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Freespace at Taikoo Place: Behind the lens at ON VIEW: HONG KONG with Sue Healey


By Amanda Sheppard

To most, attending a performance is a singular, uncomplicated action – the audience watches and engages with the act, but not vice versa. Choreographer, filmmaker and installation artist Sue Healey looks to challenge this during Freespace at Taikoo Place by exploring the dynamic relationship that exists between subject and audience in ON VIEW: HONG KONG

Healey’s portfolio includes works that span across several artistic mediums, with a main focus on film and dance. ON VIEW: HONG KONG combines the realms of film and live performance to challenge perceptions of culture, gender and identity. As a continuation of this exploration, Healey also recently adopted the role of mentor to Tsang Tsui-shan, Hugh Cho, Elysa Wendi, Chiu Chih-hua and Remu Iwai – five up-and-coming filmmakers who cumulatively produced 10 short films for the corresponding installation exhibition Look Two Ways. “I wanted to challenge and broaden ideas about the nature of portraiture, and these artists have done exactly this – the results are surprising, inventive and poetic,” she says.

“The results are surprising, inventive and poetic”

The focal point of Healey’s projects is the notion of perspective; of seeing and being seen. The question here is not only how the audience perceives the subject; Healey also prompts people to ask, “How does the subject (the dancers) allow themselves to be seen? In what ways do they reveal information to the audience?”

Healey’s ideas centre around human fascination with portraiture as a vehicle to understand identity throughout history. “ON VIEW can contain and reveal very different voices within it. To me, this work is like a vessel that reveals diversity,” she says. Healey uses her work as a launchpad to reveal the varied identities of dancers – from their roles as performers to their cultures, as complex individuals.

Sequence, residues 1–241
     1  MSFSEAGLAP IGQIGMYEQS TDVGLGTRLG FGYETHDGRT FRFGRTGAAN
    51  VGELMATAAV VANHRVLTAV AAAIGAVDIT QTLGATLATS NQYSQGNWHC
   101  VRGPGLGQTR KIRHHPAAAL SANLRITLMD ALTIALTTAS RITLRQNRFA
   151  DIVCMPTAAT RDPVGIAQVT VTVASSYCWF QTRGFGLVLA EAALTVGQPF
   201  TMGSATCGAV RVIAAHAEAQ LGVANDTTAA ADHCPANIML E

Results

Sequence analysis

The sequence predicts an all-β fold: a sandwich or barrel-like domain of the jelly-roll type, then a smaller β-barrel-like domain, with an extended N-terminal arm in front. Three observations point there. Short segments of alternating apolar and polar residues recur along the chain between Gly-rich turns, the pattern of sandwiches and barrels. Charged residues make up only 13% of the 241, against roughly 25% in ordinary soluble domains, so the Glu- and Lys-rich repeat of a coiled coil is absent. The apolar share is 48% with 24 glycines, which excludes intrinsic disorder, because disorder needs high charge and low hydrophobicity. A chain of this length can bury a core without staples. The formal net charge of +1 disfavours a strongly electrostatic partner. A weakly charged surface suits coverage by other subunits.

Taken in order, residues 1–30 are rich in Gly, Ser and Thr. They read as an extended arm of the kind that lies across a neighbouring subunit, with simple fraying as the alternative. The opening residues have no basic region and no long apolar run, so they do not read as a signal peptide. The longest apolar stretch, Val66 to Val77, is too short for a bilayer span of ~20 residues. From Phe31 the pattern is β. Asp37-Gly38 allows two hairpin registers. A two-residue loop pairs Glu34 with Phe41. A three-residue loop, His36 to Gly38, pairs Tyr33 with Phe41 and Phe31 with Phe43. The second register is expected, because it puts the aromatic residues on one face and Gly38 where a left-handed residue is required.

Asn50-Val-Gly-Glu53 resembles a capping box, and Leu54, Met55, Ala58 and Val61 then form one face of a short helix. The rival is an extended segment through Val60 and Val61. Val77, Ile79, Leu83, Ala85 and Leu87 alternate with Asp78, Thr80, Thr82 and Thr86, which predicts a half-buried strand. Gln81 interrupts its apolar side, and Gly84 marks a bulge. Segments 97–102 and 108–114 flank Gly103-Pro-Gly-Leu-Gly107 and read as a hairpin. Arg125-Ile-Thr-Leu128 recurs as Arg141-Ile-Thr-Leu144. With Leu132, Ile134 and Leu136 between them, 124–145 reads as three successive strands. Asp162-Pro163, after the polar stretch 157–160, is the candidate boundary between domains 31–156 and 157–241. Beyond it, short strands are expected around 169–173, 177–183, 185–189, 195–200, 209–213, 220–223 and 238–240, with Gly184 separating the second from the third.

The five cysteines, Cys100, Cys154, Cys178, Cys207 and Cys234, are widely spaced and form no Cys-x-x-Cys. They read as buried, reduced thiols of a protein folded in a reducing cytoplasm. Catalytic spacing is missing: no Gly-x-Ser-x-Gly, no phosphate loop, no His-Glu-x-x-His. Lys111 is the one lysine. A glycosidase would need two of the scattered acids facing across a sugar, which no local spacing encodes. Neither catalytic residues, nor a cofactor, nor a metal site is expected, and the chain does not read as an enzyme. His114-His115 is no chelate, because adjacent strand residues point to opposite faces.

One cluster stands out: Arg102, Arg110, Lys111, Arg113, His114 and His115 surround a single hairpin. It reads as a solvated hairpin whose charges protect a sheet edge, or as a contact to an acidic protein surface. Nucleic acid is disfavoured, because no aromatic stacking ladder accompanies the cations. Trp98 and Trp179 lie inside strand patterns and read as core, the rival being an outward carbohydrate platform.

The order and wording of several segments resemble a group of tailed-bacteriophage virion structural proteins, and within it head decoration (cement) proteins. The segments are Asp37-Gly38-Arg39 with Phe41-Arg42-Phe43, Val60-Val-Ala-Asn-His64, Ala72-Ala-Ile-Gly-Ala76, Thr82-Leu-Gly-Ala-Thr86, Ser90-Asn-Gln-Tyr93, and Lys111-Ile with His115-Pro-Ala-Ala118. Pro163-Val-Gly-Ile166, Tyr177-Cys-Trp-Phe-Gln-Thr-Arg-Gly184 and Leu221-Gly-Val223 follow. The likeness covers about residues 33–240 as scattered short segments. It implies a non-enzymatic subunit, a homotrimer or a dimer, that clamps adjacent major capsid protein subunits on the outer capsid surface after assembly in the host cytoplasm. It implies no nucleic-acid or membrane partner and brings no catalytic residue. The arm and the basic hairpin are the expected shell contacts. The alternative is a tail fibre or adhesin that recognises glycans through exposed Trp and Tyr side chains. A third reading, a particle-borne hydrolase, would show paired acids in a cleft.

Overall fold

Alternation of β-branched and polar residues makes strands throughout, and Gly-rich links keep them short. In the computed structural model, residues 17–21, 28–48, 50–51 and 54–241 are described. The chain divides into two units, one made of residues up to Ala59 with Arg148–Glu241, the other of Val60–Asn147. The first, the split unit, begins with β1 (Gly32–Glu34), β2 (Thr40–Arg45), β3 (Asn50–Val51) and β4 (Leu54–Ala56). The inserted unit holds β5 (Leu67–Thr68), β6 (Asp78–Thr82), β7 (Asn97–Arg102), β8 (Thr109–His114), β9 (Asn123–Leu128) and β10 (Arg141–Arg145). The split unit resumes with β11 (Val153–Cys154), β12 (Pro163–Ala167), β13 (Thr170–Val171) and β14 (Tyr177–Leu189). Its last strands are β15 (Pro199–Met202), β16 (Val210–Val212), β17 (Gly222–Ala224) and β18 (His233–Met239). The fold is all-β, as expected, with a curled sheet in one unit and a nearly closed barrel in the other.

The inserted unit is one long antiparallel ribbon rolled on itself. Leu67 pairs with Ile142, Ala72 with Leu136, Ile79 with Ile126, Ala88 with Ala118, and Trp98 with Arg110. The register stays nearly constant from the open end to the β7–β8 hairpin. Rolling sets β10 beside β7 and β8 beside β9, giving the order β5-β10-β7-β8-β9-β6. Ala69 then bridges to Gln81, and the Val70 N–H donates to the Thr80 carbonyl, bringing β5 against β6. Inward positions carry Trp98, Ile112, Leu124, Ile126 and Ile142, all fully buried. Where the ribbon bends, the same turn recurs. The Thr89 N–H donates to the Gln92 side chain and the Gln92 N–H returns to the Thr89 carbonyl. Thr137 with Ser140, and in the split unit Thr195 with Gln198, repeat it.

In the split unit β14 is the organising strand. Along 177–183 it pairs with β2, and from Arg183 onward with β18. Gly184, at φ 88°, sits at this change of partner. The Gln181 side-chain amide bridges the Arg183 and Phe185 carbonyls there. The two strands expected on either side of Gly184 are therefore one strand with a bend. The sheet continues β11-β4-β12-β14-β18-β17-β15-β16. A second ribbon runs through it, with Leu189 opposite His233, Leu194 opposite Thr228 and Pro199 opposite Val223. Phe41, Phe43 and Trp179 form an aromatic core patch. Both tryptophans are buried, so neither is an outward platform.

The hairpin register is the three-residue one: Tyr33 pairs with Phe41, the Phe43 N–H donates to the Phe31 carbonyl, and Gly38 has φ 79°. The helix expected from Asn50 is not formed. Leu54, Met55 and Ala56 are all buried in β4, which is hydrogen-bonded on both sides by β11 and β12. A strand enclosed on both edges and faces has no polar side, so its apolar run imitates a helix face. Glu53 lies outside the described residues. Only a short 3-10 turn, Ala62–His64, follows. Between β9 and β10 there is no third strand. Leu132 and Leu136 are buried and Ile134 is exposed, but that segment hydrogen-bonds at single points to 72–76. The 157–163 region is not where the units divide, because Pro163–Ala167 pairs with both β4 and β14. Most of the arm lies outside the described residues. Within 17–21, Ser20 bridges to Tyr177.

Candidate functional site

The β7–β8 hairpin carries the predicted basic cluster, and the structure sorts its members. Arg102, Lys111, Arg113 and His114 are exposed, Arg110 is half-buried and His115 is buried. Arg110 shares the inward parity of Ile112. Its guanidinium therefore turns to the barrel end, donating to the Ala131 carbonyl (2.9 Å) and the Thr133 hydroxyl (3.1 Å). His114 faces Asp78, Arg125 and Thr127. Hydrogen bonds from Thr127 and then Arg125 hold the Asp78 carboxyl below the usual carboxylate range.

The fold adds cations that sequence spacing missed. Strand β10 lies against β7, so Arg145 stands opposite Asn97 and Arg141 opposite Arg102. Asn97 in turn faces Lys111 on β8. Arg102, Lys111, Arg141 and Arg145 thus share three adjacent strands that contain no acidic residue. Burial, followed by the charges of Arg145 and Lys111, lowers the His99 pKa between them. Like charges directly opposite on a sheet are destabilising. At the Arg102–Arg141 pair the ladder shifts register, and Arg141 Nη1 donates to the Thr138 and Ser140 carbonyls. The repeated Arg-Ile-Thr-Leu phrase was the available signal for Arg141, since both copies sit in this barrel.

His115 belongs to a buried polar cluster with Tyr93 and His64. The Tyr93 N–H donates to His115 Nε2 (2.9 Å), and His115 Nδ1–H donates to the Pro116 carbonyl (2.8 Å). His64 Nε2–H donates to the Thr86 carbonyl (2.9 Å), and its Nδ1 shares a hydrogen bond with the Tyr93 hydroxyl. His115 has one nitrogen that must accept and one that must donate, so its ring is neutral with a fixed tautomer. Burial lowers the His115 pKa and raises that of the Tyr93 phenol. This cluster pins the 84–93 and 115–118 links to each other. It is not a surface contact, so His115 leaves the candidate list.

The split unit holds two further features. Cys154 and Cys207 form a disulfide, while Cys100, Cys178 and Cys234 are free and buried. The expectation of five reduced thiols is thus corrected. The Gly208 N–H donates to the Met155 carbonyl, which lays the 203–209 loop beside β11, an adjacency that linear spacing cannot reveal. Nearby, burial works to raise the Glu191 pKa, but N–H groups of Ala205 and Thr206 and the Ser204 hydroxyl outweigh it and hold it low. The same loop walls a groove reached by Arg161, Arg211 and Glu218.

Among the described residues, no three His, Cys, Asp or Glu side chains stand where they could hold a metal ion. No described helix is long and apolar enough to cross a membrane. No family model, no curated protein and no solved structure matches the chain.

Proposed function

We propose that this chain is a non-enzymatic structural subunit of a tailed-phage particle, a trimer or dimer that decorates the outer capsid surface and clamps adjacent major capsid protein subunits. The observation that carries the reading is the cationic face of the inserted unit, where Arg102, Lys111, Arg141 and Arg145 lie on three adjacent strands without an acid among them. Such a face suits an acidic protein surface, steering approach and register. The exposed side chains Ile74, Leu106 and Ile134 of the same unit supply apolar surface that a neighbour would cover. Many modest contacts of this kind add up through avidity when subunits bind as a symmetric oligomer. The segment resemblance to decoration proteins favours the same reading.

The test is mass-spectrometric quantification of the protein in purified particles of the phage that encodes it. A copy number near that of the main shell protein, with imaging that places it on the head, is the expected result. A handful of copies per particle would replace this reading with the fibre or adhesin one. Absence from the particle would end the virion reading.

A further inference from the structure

Instead of choreographing conventional dance sequences, Healey allowed the work to develop organically by posing a series of questions to her dancers. They, in turn, responded by creating a range of movements that is translated on to film. “The camera captures a detailed exploration of specific movement studies,” she says. “Film transports an audience to a space in the blink of an eye, in ways that are simply not possible in a live sense. This is a choreographer’s dream.”

The decision to bridge film and dance was not one Healey took lightly. It was only after exploring each field independently for several years that she felt ready to delve into the dialogue that exists between the two fields.

“Dance, by its very nature, is an organic and malleable process,” she shares. “Making a film is often less so, because of the demands of the technology and timelines.” In contrast, the camera captures details that are otherwise invisible to the naked eye; stepping behind the lens “enables an intimacy – a closeness to a subject that is difficult to achieve in a live context,” says Healey.

As with all innovative shows, Healey’s production has not been without challenges. But the results have proven to be complementary, with dance and film forming a harmonious partnership while also adopting a call-and-response rhythm. “Live dance disappears immediately; film proves it happened. Dance is fleshy; film is light, in flux, but both dance and film give structure to action,” Healey says of the dynamic.

ON VIEW: HONG KONG has been more than three years in the making, and serves as testament to the fact that perception varies not only between actor and spectator, but also across gender and cultural norms. While Healey assures that the basic framework of the project remains the same since its debut in Australia three years ago, the production continues to evolve. “The ideas must have the space to adapt and morph to a given context, or else the magic can disappear,” she says. “This is not a superficial investigation of cultural exchange, but a unique meeting between collaborators, from east and west, and is an enquiry into the culturally inflected voices that we possess.”

ON VIEW: HONG KONG by Sue Healey
2-3 November 2017

Look Two Ways Installation Exhibition
1-3 November 2017
Free admission

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